Rocking Waitress World Again!

By Griffin Miller

Pie sales at Broadway’s Ethel Barrymore Theatre have been brisk, and not just because the killer aroma of baking pies—designed for consumption by “pie consultant” Stacy Donnelly—hits you the second you enter the theater. Instead, the olfactory seduction offers an immersive aspect to the homey backdrop and quirky characters that drive the musical Waitress. But, for the symbolically inclined, it also illustrates just how much audiences have been starved for theater’s return. Spontaneous ovations and applause being the euphoric clinchers.

And at the heart of the current Waitress production is Sara Bareilles, the show’s Grammy-winning composer and (at least through October 17th) waitress/pie baking phenom, Jenna. “How could I miss the opportunity to be a part of Broadway’s reopening?” said Bareilles. “To share the moment with everyone who’s been part of the process and to be part of the solution, this is what has made my decision all the sweeter.”


Interviews with Bareilles—a steady torrent since it was announced she’d be helming the revival—inevitably shine a spotlight on her passion for creating. Yet what also struck me was her humor (genuine, playful, occasionally edgy) and her choice of words (at times poetic). Well before opening night and her firsthand taste of theatergoer exhilaration, she observed, “Broadway is grit and grace, magic and mayhem, and I can’t wait to feel the electricity that pulses through all of us as the curtains rise once again.”

For those unfamiliar with Waitress, it centers around a small-town diner and Jenna, a lovable waitress with pie-making and pie-naming (“My Husband’s a Jerk Chicken Pot Pie”; “Mermaid Marshmallow Pie”), superpowers. But unfortunately, insecurities and choices run amok (“White Knuckle Cream Pie”), and a National Pie Bake Off in a nearby town presents itself right around the time she discovers she’s pregnant. So cut to the chase: dump or keep abusive spouse; affair or no affair with married OB/GYN; compete in Bake Off or not. Fortunately, her two co-waitresses are instrumental in steering her towards “Getting Out of the Mud Mud Pie,” a.k.a. the perfect resolution.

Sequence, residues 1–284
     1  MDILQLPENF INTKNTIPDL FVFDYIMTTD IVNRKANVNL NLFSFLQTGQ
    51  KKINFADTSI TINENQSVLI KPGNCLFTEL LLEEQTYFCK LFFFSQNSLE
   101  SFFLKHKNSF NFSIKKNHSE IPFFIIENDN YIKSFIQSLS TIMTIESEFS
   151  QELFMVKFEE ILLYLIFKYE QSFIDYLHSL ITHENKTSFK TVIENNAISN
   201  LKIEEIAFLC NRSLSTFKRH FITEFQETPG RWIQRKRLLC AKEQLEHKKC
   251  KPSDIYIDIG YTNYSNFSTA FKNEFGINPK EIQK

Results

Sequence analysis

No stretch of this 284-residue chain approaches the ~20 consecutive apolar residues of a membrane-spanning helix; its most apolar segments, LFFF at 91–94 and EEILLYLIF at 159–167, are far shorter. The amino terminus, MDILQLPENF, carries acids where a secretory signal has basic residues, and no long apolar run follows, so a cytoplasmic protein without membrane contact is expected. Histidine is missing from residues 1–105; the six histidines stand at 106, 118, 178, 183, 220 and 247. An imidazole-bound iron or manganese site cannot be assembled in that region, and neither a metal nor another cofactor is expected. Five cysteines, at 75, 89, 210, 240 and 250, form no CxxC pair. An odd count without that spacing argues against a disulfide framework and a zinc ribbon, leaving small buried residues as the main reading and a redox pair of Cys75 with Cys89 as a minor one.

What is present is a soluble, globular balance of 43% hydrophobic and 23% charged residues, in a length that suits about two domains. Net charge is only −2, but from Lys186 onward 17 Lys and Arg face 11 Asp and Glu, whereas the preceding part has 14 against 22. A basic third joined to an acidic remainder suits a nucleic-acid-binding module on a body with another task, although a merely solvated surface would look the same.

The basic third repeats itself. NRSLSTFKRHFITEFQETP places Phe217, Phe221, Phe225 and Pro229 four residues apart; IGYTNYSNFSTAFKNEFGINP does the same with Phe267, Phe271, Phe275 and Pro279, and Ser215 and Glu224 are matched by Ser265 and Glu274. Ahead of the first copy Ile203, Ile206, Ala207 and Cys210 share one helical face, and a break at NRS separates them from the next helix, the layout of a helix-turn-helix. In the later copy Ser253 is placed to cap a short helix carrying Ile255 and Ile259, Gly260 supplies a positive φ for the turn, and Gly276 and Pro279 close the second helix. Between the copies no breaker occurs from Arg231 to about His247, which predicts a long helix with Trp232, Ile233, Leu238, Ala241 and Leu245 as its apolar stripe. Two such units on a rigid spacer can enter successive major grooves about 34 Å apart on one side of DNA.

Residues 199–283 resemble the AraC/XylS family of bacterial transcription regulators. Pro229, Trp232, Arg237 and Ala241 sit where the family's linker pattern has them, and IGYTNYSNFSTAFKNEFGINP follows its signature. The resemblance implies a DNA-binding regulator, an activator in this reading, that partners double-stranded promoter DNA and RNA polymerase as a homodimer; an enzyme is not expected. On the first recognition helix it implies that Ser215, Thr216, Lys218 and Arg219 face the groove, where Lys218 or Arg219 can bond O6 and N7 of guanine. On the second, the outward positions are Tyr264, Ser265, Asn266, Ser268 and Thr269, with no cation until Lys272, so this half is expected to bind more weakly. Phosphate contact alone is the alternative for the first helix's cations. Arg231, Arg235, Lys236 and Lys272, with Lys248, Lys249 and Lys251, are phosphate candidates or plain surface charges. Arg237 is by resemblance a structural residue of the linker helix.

Which explains why—even though her favorite moments onstage are apt to change performance to performance—Bareilles is drawn to Act I’s “Soft Place to Land” number performed by the three waitresses. “It’s about dreaming, and it’s a hopeful moment focusing on bonded relationships,” she said, pointing out how powerful its message is during a world damaged by COVID-19.


Bareilles saw how uplifting the Waitress homecoming has been, describing it as the “catharsis of being back with all my friends.” So many of the people she worked with during the 2016-2020 run, in addition to the cast, musicians, house staff, crew members, Tony-winning director Diane Paulus, Julliard-trained choreographer Lorin Latarro are once again sharing this celebration of seizing life as it comes.

That message has been permanently mounted on the diner’s menu board as “A Big Ol Slice of Live Your Life Pie” in honor of Nick Cordero, who died last year from complications from COVID. Amanda Kloots joined the cast during opening night’s curtain call to celebrate her late husband’s life and legacy by singing Cordero’s original song, “Live Your Life.” Of the actor, who originated the role of Earl on Broadway, Bareilles spoke for everyone who knew him in saying, “The loss is so deep for all of us.”

As for Bareilles, her day-to-day pandemic survival techniques were not always what you’d expect. “I didn’t turn to music. That part is still in gestation,” she notes. “I felt very quiet.” What she did do, however, was take walks. “I was struck by the way the city moved forward—the scrappiness of restaurants as they created outdoor dining areas and how shops were hanging on despite everything. Through walking, I could feel communities, and the city, getting bigger”.

For tickets to Waitress (through January 9, 2022), visit